Infrared Camera and Air Leaks in Homes

Date Published: February 5, 2019

It is easy to detect air leaks when you sit next to a defective window on a super cold Winter night. Unfortunately, we don’t always know where air leaks are in our homes or how they might be impacting our health, physical structure or wallets. One of the best ways to detect home air leaks is with an infrared camera.

The Department of Energy says that air leaks not only cost you more money on your heating and cooling bills but are also a source of poor air quality. Homes that continuously leak air might be susceptible to moisture issues, which can invite things like mold into your home

How Do Infrared Cameras Work?

An infrared camera detects radiation that reflects heat differences in temperature variations. The cameras can identify temperature variables that the naked eye just cannot see. The viewfinder of the camera will display a series of gradient colors on a small screen giving the operator a clear look at the heat spectrum in a particular space. These colors are expressed in brighter reds, yellows, and oranges for warmer signatures; while cool blues and purples indicate cool areas of a home.

How Infrared Cameras are Used to Find Air Leaks

An inspector who is looking for air leaks will usually bring ‘blower door’ test equipment to pull air through the home.  When this equipment is used, it creates a vacuum in the home, making air leaks more detectable with the infrared camera.  The combination of infrared scans and blower door testing is the most effective way to discover air leakage and is the preferred method of most energy auditors.

Infrarad scans with home inspection

Common Air Leaks Found with an Infrared Camera

An inspector will likely turn off the heating or cooling system of your home and make sure all the windows and doors are closed to get the most accurate test. Here are some of the most common places an infrared camera can detect air leaks in your home.

  • Attics – Attics are a common space for air to both enter and escape in a home. An infrared camera will be able to detect these air leaks so the homeowner can address the issues with remedies like weather stripping or caulking.
  • Windows and Doors – Windows and doors are areas where most homeowners will likely detect something is going wrong. An infrared camera will be able to confirm and pinpoint the problem so the homeowner can resolve issues and eliminate potential energy loss.
  • Basements – Like attics, basements are a common area for air to enter a home.  As cold air enters in lower areas, for example around a basement rim joist area, this can draw cold air in and as heat escapes from the attic, energy loss can occur.  This is referred to as the stack-effect in a home.  Sealing lower level leaks can help to reduce overall energy inefficiency.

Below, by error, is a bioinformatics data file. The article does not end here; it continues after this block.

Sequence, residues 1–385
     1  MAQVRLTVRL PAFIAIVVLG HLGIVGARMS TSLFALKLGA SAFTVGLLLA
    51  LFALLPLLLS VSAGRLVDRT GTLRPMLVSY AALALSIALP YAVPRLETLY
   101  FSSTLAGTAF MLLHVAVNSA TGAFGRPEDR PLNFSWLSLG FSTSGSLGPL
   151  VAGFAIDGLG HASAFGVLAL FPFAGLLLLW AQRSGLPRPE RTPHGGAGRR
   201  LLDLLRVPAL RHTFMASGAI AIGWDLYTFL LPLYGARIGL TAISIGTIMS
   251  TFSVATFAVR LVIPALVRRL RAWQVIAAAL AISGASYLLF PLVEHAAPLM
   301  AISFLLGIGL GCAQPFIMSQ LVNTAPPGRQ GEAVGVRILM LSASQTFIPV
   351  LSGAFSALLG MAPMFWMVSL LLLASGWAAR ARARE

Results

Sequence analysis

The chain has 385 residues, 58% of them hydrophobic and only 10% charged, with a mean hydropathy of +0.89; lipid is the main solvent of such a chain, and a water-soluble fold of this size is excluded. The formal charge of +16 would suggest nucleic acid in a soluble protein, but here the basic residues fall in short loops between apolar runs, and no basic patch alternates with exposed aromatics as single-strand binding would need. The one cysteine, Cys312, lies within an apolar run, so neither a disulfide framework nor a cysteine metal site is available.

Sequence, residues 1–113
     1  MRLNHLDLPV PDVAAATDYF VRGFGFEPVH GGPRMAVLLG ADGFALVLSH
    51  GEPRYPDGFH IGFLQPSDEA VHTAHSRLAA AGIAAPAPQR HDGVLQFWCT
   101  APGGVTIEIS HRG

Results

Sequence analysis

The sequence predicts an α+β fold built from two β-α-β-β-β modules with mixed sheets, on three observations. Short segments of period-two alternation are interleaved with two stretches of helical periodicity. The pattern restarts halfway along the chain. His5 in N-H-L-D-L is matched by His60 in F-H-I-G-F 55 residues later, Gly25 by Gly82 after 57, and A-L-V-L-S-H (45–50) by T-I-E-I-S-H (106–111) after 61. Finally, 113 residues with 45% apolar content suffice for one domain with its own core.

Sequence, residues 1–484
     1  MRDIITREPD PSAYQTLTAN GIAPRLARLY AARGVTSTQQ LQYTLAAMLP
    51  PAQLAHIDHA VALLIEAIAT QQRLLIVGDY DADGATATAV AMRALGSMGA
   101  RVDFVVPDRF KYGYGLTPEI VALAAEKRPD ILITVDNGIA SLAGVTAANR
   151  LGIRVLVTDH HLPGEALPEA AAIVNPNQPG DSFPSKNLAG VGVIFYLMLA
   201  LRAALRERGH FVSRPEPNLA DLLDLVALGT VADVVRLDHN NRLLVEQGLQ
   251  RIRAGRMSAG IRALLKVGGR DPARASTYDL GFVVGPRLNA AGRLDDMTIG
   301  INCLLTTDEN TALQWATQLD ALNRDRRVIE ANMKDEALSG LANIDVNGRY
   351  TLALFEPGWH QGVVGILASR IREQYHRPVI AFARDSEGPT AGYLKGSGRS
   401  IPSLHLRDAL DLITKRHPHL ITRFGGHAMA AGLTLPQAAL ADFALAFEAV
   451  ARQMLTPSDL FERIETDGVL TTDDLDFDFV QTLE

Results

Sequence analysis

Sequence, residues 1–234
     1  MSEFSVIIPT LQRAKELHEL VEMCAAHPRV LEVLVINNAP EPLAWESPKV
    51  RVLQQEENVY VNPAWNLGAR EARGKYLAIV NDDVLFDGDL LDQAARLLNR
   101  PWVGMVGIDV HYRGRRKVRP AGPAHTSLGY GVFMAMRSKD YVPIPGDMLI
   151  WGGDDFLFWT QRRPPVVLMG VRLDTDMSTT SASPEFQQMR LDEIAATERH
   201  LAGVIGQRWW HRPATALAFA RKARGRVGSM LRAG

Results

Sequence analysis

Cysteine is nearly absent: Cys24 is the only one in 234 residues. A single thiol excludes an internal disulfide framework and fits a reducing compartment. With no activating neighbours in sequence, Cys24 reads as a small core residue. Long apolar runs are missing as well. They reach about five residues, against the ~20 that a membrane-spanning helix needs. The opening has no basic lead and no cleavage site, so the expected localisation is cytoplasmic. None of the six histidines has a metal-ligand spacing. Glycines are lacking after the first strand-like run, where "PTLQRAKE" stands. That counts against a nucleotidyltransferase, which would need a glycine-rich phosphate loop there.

• Light and Fan Fixtures – Since light and fan fixtures usually affix to a ceiling, air from your attic space can be pulled in and out of your home through these fixtures almost entirely undetected.
  • Electrical and Plumbing Points of Entry – Infrared cameras can identify air leakage in electrical and plumbing receptacles. These points of entry are connected to the hollow spaces of a home (inside walls) or via a basement where air leaks are prominent.
  • Fireplace and Chimneys – Fireplace and chimney flues have to have direct access to the outside environment to function correctly. When a homeowner understands how much air leakage is taking place at these points, they can either repair or prepare for extreme weather conditions to prevent discomfort or energy loss.

In the past, infrared cameras were seen as expensive equipment only law enforcement or military personnel used to do their jobs. Today, this technology applies to everyday people wanting to save money on energy bills and have good indoor air quality. Consider having an energy audit performed on your home, and ensure the inspector uses an infrared camera to help improve your home’s energy efficiency.  Visit our Energy Services page for more information.

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About the Author: George Scott

George founded Scott Home Inspection in 2006, and has grown the business into a multi-inspector firm serving the Colorado Front Range, from Fort Collins down to Colorado Springs. As an ASHI Certified Home Inspector and Certified Energy Rater, George is an excellent resource to help with inspection and energy-related requirements.

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